Appreciatively, these ways of story telling were able to help some patients to develop new stories that were less painful. After a period of time other physicians (also priding themselves in their objectivism) found that they could use Dr. Freud’s method (remember psychoanalysis?) to develop less painful stories for their patients to carry around. “Ipso facto” a scientific/analytical paradigm i.e. a “storytelling” industry was born.

As all these physician/scientists were steeped in the scientific method (of the day) they believed the stories they were told were “gospel truth”. Throughout the faculty lounges and (men’s) clubs of the day there was not much argument against the idea that these traumatic stories were the products of broken minds, troubled souls, and tortured psyches. As time passed other therapists (scientifically/clinically) trained or not found the plots of these Viennese fantasies worthy of retelling; and thus the storytelling industry spread over the European continent and across the seas to the New World (sound familiar?).

In a land and a time far, far removed from Freud’s Vienna, military doctors were struggling with the human response to the horrors of combat. An early attempt (17th Century) resulted in the term “nostalgia”; that referred to a chronic longing to return home, that was thought unrelated to battle. Most of those afflicted were herded onto cattle cars with their names (or hometowns) pinned to their clothes; or simply left to wander about the country side. This tragic story lead to the establishment of the first US military hospitals (1863) where the “insane” were housed until claimed by family. As you can see the “new magicians” picked up Dr. Freud’s ball and used the inquisitive scientific model of their day to retell their patients’ stories in the most up-to-date theoretical frame of the day.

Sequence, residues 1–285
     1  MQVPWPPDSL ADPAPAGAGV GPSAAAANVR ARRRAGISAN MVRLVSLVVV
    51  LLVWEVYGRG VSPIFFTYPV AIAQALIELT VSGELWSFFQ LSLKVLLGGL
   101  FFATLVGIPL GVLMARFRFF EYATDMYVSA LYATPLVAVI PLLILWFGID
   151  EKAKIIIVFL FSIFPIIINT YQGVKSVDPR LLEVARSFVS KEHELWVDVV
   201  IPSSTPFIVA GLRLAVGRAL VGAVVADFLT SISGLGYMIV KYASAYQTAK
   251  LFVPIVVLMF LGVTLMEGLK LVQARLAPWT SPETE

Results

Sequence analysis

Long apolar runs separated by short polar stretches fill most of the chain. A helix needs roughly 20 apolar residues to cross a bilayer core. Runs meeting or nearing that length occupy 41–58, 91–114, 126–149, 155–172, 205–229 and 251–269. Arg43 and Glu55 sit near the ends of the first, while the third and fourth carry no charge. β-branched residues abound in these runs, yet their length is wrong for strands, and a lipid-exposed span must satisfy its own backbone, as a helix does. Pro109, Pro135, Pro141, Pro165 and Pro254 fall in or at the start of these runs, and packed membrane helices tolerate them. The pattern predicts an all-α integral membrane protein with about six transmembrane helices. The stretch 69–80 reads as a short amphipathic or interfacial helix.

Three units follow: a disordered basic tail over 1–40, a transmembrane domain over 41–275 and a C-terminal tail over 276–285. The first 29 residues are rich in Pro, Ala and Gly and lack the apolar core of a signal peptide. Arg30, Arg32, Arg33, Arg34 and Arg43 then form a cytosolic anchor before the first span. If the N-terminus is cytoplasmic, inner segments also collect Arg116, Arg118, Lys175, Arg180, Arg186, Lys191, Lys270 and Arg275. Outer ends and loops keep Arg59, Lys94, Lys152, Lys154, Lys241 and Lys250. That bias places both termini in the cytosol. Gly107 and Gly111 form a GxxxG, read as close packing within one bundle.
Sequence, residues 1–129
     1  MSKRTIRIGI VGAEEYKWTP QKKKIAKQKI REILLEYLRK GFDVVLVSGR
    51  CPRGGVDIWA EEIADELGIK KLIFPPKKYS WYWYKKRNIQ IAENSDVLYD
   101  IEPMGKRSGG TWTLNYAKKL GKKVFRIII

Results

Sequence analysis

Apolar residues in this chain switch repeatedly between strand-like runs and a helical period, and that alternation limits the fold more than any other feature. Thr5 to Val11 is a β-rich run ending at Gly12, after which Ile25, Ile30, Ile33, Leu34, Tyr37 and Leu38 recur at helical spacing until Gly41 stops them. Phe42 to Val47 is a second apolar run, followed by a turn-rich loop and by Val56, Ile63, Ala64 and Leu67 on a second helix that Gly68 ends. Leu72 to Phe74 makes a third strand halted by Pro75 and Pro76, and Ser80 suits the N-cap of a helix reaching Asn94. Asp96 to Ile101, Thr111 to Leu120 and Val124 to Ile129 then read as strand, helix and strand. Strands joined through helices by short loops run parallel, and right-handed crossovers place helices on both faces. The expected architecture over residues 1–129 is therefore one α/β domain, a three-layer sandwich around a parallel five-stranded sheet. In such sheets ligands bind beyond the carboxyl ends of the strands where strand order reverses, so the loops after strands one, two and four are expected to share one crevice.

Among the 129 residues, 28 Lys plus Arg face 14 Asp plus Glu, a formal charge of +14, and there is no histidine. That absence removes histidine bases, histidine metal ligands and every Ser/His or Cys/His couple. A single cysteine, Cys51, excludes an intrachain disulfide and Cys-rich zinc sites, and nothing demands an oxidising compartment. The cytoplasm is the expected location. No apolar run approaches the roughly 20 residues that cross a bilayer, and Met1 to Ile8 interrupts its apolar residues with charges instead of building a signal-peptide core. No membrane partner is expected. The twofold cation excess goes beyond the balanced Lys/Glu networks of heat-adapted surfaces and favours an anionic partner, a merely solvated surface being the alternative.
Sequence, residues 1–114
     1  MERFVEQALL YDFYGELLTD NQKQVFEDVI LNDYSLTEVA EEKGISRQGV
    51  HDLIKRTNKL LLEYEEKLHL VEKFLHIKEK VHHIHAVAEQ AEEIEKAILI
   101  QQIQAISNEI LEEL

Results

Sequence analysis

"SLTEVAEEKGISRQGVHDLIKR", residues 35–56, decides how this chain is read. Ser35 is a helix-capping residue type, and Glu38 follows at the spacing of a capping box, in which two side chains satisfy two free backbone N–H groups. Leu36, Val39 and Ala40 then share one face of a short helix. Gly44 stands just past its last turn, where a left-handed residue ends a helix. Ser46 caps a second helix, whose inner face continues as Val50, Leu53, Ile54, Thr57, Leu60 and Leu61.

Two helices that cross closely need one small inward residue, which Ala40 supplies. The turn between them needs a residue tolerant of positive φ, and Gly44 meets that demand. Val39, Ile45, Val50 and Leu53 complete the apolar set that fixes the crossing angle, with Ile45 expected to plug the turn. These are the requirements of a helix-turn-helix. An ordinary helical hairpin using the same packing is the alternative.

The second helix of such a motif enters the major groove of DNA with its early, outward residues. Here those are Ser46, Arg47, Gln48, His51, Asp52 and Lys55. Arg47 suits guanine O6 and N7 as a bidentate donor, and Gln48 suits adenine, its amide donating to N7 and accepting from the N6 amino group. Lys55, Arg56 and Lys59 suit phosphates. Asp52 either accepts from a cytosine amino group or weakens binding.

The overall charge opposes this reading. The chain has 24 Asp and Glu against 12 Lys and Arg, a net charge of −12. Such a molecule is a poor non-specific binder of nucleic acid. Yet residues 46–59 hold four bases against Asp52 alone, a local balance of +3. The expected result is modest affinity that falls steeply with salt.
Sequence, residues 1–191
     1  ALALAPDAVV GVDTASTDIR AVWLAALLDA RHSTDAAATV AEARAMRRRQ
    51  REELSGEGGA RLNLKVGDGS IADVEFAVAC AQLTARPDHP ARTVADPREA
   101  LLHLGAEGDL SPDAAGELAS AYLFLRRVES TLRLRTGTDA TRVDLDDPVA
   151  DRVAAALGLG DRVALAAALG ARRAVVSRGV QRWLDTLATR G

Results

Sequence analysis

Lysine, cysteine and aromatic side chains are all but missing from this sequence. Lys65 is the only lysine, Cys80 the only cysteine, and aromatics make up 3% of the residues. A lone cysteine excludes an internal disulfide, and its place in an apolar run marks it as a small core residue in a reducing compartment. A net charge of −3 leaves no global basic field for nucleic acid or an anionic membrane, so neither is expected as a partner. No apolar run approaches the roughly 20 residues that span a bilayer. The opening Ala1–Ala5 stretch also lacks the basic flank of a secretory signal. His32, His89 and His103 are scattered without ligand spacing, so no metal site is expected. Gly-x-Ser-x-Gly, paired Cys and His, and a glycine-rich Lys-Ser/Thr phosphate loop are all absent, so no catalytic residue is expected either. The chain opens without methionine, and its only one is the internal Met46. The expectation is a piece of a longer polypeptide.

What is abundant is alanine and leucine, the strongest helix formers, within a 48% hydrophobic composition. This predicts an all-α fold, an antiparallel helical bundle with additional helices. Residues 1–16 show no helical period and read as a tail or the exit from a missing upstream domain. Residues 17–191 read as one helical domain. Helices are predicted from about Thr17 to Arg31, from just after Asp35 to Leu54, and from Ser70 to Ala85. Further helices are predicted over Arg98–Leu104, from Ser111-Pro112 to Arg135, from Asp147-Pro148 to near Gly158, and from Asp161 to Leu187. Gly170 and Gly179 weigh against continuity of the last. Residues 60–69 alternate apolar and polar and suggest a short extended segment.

Later in the same century (1874) a certain Dr. J.M. Da Costa addressed the problem now referred to in stories as “disorderly action of the heart”; the disorder seemed to be based upon physiological changes during battle. The plot of the soldiers’ stories now became centred upon these physiological changes and officially referred to in the stories of the day as “soldiers’ heart”.

The brutal trench warfare of WWI stimulated more “magicians” comments on the number of psychological casualties. The story now used to describe troubled soldiers stated that the stress of combat could be found in the impact of the larger calibre shells that were disrupting neural function and causing “shell shock” (oh yes and by the way, there was no more science behind this story than there was behind Dr. Freud’s).